Modifying Your Divorce Order
Ideally, a person is able to move on after a divorce without having to look back. Unfortunately, when children are involved, that is rarely the case. When you require a modification of child custody and support orders, or enforcement of a divorce provision, you need a lawyer to be committed to helping you resolve the matter efficiently and effectively.
A final divorce order is based on a set of circumstances at one point in time. If those circumstances have changed substantially, even prior to three years after the initial order, it is reasonable to pursue a post-divorce modification to certain provisions.
Make Requests To Modify Support Promptly
You can modify if there is a material change in circumstance in fewer than three years. However, it is important to file promptly. When, for instance, a parent paying child support loses a job, act quickly — before, and not after, an order for enforcement is made. We can make the decrease retroactive at that point.
Common Reasons For Child Support Modification
- Noncustodial parents who are struggling financially may need to change the child support amount they pay.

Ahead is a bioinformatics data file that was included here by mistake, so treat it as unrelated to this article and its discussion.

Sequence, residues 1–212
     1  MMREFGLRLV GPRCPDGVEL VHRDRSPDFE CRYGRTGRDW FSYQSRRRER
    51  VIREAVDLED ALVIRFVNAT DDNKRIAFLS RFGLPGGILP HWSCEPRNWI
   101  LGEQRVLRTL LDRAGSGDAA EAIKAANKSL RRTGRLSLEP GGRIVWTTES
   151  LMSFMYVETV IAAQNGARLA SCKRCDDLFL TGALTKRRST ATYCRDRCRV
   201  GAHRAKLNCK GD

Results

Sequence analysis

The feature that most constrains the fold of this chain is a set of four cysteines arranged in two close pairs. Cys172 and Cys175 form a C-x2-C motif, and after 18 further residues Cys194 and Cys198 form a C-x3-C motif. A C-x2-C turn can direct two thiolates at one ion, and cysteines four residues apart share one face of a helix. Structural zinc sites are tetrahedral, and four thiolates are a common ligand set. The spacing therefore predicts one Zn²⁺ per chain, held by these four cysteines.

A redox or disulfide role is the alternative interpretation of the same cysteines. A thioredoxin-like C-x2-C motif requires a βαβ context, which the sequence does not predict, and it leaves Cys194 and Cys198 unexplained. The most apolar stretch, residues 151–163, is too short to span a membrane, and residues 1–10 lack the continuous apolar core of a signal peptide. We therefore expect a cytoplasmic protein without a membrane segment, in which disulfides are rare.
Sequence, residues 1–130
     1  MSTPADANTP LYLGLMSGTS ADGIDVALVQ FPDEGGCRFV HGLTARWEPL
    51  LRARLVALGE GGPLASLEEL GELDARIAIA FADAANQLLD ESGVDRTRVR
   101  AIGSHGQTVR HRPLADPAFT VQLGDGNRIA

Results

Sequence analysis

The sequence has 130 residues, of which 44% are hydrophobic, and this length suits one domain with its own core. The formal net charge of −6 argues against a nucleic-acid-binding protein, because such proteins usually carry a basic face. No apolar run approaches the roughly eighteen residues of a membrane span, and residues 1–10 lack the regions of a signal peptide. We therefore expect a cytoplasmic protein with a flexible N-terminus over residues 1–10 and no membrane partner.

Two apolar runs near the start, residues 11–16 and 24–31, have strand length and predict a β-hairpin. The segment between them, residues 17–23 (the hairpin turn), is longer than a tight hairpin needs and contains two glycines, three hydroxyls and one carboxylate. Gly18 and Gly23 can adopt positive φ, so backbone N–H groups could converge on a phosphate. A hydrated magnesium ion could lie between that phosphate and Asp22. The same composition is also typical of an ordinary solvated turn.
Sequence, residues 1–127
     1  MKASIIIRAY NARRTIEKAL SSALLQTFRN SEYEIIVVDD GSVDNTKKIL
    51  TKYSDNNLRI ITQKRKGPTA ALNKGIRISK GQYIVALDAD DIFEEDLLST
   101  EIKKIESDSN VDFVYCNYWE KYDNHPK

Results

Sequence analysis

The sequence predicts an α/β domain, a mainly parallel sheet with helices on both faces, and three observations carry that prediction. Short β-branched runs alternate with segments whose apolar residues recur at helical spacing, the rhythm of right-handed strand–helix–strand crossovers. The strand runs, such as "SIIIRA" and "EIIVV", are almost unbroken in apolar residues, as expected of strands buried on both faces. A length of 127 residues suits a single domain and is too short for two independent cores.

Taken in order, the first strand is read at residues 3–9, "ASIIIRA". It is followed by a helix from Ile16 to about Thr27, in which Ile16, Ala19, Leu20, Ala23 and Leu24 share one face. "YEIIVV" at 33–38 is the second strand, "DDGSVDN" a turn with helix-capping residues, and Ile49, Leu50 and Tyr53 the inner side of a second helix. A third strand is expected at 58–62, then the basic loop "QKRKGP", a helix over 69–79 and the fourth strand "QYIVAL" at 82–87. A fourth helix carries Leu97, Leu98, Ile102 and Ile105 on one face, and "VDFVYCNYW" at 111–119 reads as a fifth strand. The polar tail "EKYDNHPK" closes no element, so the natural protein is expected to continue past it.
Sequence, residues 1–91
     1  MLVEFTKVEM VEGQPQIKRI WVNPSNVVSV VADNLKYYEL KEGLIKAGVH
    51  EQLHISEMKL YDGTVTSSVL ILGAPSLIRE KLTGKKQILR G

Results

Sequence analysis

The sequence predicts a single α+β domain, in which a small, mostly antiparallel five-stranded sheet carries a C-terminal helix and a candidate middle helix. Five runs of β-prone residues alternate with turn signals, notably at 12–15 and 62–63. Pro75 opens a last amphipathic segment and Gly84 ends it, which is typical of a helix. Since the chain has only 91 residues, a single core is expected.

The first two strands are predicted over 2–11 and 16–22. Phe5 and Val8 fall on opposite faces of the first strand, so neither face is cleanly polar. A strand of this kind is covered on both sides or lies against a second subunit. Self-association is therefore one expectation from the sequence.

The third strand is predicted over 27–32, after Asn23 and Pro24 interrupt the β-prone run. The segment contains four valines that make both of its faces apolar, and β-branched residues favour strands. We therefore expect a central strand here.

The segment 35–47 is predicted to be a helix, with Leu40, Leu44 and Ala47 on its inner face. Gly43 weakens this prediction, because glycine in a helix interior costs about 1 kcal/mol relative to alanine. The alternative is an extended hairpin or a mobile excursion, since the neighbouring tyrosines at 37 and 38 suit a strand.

- Custodial parents who have been making ends meet on their own may discover that they need the extra help that child support offers.
Children mature, their needs change, or they may become disabled or ill — these kinds of changes may justify an increase in child support amounts. Likewise, a noncustodial parent may have a substantial increase in income that justifies an in-kind increase of child support.
Remember that the court has no authority to enforce anything you agree to orally. Always enlist your attorney to make your modification requests through the court.
Modifications To Child Custody And Visitation
When there is evidence that your child’s other parent or that parent’s significant other is engaging in activities that could endanger the child, such as drug use or criminal activities, requests to modify custody arrangements are merited and reasonable.
It is also necessary to change a child custody and visitation order when one parent wishes to move a significant distance such as a cross-state or out-of-state relocation. Depending on whether the noncustodial or the custodial parent wishes to move, there are many different issues involved with such a decision before the court.
We will aggressively pursue the changes needed to seek what is best for you and your child.